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Opinion

Will GOP really take on Big Government -- and Obama's straw-man attacks?

The problem for Republicans after Tuesday’s election is that Americans are opposed to Big Government, but only at a high level of abstraction. Translating that general sentiment into specific program cuts that are popular, or even tolerated, is the hard part.

By William Voegeli / November 4, 2010



Claremont, Calif.

Oscar Wilde said that there are two kinds of tragic stories. One is about people who don’t get what they want, and the other is about people who do.

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In November 2008 liberals got what they wanted, the clearest signal since 1964 that the nation’s voters were prepared to offer reliable, durable majorities to the advocates and practitioners of activist government.

In his post-election cover story for Time magazine, titled “The New Liberal Order,” Peter Beinart argued that Barack Obama had “an excellent chance” to establish “an era of liberal hegemony” because “taking aggressive action to stimulate the economy, regulate the financial industry and shore up the American welfare state won’t divide his political coalition; it will divide the other side.”

This week, conservatives got what they wanted, a firm declaration by the electorate that transforming our country into a European social democracy is an offer we can refuse. The question is whether sometime in 2011 the more numerous Capitol Hill Republicans are going to make some missteps, suffer some setbacks, and find themselves reading articles, as Democrats have been for the past year, about how they “over-interpreted their mandate.”

Overwhelming victories in American presidential elections, and congressional majorities that endured for decades, used to be common. During the past 20 years, however, the presidential elections have all been closer and the congressional majorities more tenuous.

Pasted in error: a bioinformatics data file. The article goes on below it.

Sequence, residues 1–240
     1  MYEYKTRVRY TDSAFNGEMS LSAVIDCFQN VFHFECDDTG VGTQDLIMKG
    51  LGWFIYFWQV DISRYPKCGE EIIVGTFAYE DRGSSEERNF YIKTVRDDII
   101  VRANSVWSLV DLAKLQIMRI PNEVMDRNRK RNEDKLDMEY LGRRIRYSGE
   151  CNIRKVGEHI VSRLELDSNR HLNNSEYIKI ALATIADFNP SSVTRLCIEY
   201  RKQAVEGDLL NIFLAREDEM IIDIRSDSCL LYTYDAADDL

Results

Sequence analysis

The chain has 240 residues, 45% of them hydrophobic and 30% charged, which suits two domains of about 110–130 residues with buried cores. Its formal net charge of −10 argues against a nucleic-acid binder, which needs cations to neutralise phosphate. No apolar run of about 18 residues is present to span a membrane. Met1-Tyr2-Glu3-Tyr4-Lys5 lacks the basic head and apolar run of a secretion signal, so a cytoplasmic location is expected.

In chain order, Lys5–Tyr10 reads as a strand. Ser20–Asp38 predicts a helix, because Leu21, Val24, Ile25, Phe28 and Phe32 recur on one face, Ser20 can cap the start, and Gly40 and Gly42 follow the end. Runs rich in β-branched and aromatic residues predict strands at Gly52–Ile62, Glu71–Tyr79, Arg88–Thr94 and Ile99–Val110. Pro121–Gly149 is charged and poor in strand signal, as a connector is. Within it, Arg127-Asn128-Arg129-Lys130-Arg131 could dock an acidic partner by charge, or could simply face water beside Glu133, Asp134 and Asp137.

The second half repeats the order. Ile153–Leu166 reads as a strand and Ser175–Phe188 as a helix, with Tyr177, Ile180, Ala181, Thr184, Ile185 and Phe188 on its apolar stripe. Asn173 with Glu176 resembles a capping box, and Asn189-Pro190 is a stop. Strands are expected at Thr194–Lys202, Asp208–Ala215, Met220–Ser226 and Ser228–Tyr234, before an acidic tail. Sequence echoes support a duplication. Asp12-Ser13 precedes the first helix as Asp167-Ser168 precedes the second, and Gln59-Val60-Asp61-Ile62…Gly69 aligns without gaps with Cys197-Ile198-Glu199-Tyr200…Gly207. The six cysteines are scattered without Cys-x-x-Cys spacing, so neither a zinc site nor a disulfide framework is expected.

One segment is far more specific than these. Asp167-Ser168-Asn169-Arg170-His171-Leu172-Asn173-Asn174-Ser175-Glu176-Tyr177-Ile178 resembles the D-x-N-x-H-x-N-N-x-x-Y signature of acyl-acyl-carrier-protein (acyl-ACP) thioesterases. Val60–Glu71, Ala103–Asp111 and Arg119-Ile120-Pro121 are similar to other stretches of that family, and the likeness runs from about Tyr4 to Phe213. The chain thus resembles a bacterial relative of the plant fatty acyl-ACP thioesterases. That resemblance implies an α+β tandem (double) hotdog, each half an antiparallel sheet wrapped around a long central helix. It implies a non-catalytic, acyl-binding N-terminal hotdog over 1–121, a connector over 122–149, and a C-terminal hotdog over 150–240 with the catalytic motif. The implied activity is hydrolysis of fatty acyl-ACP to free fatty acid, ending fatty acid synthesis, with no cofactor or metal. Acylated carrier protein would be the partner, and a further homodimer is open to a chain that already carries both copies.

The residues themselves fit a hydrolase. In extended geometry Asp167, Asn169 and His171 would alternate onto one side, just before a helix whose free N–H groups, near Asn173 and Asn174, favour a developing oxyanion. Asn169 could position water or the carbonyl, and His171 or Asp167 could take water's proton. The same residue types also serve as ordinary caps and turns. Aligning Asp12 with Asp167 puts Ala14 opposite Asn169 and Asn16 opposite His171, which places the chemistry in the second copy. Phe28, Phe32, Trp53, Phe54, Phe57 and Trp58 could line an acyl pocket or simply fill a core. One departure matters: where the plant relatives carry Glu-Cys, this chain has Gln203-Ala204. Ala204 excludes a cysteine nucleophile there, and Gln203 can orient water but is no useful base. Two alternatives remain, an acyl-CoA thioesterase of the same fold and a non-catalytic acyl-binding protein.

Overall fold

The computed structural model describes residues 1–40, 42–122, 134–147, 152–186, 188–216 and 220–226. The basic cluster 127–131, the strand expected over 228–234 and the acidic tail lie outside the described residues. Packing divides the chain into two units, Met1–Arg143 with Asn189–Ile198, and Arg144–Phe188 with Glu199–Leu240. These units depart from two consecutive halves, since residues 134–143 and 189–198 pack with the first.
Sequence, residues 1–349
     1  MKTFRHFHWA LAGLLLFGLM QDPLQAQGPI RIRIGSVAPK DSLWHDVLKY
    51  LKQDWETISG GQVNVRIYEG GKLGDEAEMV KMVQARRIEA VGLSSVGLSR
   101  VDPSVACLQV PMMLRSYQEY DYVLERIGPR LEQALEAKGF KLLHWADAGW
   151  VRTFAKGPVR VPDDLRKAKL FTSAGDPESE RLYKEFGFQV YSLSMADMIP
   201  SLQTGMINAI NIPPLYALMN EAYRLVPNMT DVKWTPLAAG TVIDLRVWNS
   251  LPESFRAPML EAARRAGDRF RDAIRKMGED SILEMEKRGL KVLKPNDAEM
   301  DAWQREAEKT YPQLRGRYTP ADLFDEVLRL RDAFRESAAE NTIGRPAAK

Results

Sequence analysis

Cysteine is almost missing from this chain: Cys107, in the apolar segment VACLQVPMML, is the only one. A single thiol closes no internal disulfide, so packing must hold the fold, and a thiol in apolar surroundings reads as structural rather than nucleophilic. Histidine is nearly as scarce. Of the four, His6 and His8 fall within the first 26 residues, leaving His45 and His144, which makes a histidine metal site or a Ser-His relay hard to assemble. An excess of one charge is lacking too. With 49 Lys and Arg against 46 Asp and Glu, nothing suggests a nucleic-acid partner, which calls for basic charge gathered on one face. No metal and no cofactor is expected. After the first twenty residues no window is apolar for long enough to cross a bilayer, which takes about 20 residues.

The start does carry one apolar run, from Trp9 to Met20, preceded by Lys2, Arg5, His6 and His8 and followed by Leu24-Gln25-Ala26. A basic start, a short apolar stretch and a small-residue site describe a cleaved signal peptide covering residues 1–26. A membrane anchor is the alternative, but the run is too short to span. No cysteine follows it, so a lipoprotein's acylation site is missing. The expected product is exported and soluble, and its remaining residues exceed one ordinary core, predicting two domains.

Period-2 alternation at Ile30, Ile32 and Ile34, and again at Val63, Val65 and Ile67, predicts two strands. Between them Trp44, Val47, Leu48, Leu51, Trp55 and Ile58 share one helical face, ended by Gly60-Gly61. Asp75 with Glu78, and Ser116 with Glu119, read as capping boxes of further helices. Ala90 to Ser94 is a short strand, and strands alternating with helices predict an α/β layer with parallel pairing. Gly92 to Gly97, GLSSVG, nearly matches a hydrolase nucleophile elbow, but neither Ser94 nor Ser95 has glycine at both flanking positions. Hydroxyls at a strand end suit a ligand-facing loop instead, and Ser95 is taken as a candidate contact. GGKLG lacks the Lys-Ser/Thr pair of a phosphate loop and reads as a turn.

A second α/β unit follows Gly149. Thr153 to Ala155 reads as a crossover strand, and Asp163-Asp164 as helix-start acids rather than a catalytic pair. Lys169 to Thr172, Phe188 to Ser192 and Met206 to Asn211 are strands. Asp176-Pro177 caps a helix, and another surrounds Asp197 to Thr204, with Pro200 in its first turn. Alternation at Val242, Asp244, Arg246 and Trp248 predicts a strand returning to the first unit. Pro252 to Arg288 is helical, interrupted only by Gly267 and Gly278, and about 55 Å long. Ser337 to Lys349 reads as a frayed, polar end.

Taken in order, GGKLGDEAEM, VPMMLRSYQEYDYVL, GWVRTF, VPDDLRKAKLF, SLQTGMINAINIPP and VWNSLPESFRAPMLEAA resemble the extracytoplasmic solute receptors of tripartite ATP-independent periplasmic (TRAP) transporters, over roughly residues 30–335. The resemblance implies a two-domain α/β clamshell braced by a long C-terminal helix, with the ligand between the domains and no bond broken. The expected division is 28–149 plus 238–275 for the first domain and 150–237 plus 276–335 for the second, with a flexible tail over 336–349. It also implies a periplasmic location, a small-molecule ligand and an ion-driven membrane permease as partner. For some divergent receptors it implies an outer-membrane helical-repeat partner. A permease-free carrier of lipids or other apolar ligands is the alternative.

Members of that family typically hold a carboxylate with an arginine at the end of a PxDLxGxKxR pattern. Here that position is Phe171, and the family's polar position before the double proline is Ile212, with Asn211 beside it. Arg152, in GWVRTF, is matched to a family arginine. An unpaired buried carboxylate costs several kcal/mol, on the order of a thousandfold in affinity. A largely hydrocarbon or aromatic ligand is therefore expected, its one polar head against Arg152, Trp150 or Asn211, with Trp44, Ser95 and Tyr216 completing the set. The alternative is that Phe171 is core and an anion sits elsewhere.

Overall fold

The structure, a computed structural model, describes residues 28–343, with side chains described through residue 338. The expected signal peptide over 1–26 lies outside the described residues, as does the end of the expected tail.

Neither side can gain a lasting advantage

In this long game, played between the 40-yard lines, neither team can gain a clear, lasting advantage. Things have been so closely divided that some of the major achievements associated with one president seem like they were copied from the other party’s platform.

Bill Clinton secured passage of the North American Free Trade Agreement and signed the 1996 welfare reform bill, for example, and then George W. Bush added prescription drug coverage to Medicare and dramatically increased federal aid to education through No Child Left Behind.

The problem for Republicans after Tuesday’s election is that Americans are opposed to Big Government, but only at a high level of abstraction. Translating that general sentiment into specific program cuts that are popular, or even tolerated, is the hard part.

Time for adult talk on entitlements

If the GOP launches a new assault on Fort Entitlement – the Social Security, Medicare, and Medicaid programs that are on track to bankrupt America – the slender hopes for a more successful outcome than in the past rest on two considerations: First, the emergence of Republican leaders like Governors Mitch Daniels of Indiana and Chris Christie of New Jersey, who treat fiscal restraint not as one of the things they would like to accomplish, but as The Thing they are determined to accomplish. Messrs. Daniels and Christie speak as adults to adults when discussing taxes and spending with their constituents, and there is abundant evidence that those constituents respond favorably to politicians who acquit themselves with that kind of respect and candor.

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